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“Before the game I didn’t understand,” he said of the game’s importance. “Of course [in Lithuania] we had derbies but not like that. I didn’t realise the Edinburgh derby was such a big game. For me it was a game, a simple championship game. I always wanted to win, it doesn’t matter who it was against. But after the game I understood what I did. I remember after the second goal I got booked for showing my Hearts badge. It was very good, I loved to play in Scotland.

“Maybe these goals helped me to settle because you read little bits, rumours that some Scottish players don’t like us because there are lot of Lithuanians, maybe saying, ‘you are not good enough, you are just coming here because of Romanov’, but in my opinion Mikoliunas, Zaliukas, me - we showed we can play football, good football, and it was okay. I think it was like in every football club in every football country - if you play good, fans are nice to you. You need to win, you need to score. You are playing for the fans, not for somebody else.”

Velicka relished the new environment, the new culture and new footballing experience. He can still remember the surprise at hearing music played before matches as well as the influence of two leading figures during his first few months in Gorgie.

“For me it was a new thing,” he said. “When I came back to Lithuania, I remember saying to the coach, ‘why are we not listening to music?’. He said, ‘ah, we need to be concentrated’. We can concentrate with music! Now everybody in Lithuania is listening to the music before the game.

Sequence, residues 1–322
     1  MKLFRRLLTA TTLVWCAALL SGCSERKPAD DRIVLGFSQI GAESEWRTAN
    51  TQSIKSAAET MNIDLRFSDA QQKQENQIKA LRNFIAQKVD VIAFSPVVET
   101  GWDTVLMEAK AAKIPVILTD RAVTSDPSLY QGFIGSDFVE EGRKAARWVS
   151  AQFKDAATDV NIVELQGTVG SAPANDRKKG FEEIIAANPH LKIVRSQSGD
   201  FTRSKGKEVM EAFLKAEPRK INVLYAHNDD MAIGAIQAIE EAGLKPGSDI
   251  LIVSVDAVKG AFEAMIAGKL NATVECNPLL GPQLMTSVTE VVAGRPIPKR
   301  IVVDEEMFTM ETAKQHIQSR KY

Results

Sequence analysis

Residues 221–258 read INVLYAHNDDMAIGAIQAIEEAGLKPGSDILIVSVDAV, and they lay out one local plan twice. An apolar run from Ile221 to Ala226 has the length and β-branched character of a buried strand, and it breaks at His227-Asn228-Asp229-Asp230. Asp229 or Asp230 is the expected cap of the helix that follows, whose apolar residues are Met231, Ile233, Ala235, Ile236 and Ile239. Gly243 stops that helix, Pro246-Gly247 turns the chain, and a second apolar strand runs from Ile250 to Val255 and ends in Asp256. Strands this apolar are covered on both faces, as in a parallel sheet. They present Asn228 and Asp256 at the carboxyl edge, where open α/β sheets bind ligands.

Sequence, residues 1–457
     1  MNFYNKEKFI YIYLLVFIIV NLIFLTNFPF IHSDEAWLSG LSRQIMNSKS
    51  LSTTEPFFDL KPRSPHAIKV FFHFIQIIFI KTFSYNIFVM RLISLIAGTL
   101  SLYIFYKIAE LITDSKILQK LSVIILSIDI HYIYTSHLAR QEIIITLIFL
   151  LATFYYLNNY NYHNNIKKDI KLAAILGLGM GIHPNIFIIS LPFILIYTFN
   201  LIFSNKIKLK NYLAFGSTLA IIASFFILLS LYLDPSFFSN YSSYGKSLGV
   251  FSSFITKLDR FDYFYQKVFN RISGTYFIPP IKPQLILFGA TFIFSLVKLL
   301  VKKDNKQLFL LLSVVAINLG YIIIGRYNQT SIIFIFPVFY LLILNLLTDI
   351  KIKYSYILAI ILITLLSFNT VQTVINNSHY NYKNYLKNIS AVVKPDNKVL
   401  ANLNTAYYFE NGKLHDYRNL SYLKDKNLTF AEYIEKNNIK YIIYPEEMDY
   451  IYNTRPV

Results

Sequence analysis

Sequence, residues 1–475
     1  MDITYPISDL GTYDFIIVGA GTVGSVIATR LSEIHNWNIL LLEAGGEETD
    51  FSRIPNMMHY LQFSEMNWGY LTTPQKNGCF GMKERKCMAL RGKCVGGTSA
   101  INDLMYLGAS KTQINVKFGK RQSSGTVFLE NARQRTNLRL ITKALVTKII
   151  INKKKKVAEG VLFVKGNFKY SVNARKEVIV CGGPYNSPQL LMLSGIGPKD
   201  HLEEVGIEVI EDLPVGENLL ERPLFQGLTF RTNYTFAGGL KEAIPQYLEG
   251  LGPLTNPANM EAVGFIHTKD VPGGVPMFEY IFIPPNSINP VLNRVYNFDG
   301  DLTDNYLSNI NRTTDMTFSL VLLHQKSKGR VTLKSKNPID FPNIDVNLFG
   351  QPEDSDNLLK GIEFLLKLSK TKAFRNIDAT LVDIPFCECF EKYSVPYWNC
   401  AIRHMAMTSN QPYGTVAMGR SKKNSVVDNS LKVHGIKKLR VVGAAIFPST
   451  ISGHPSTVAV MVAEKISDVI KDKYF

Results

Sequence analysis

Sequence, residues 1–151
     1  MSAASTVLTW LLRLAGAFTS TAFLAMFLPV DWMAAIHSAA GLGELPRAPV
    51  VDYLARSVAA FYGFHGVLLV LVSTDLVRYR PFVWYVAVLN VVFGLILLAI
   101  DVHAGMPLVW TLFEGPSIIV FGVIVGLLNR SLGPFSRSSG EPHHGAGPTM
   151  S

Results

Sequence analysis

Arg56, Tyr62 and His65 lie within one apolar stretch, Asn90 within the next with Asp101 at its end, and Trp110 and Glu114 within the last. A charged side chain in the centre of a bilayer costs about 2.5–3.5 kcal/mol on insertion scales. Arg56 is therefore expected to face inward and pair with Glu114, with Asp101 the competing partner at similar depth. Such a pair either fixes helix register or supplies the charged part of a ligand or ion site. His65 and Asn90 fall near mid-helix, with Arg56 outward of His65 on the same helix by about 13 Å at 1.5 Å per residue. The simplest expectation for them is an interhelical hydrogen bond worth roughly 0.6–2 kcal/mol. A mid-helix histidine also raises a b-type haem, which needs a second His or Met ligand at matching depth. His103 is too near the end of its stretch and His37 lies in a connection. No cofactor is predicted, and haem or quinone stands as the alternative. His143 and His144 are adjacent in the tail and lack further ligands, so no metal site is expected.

“Paul Hartley, Steven Pressley, you could see straight away they are the bosses of the dressing room. I never had a problem with them. You see these people who are the bosses, you need them in every dressing room, the role models. If you have some problems you can speak to them and it was good, they helped.”

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That Celtic double

Of course, conversation was bound to turn to that night at Celtic Park. October 31, 2007. A League Cup quarter-final against the Scottish champions. Velicka wouldn't start the game having missed the previous two. In fact, he wouldn’t see any action until the 74th minute. Within three minutes he had put Hearts in front with his first touch after sweeping in Andy Driver’s cutback much to the annoyance of the sparse and agitated home crowd, who felt the winger had run the ball out of play.

Then came a goal which was more spectacular than the one netted against Osasuna. Hearts sprang forward after more loose play from Evander Sno. Audrius Ksanavicius and Michael Stewart exchanged passes, the former finding Velicka 30 yards from goal. Confronted by Stephen McManus, he used his power to open up space onto his right - a small acceleration, then he let fly with a thunderous effort which screamed into the top corner, much to the delight of this writer who was there that evening. One fan was sent straight through a Celtic Park seat, such was the ecstasy in the away end.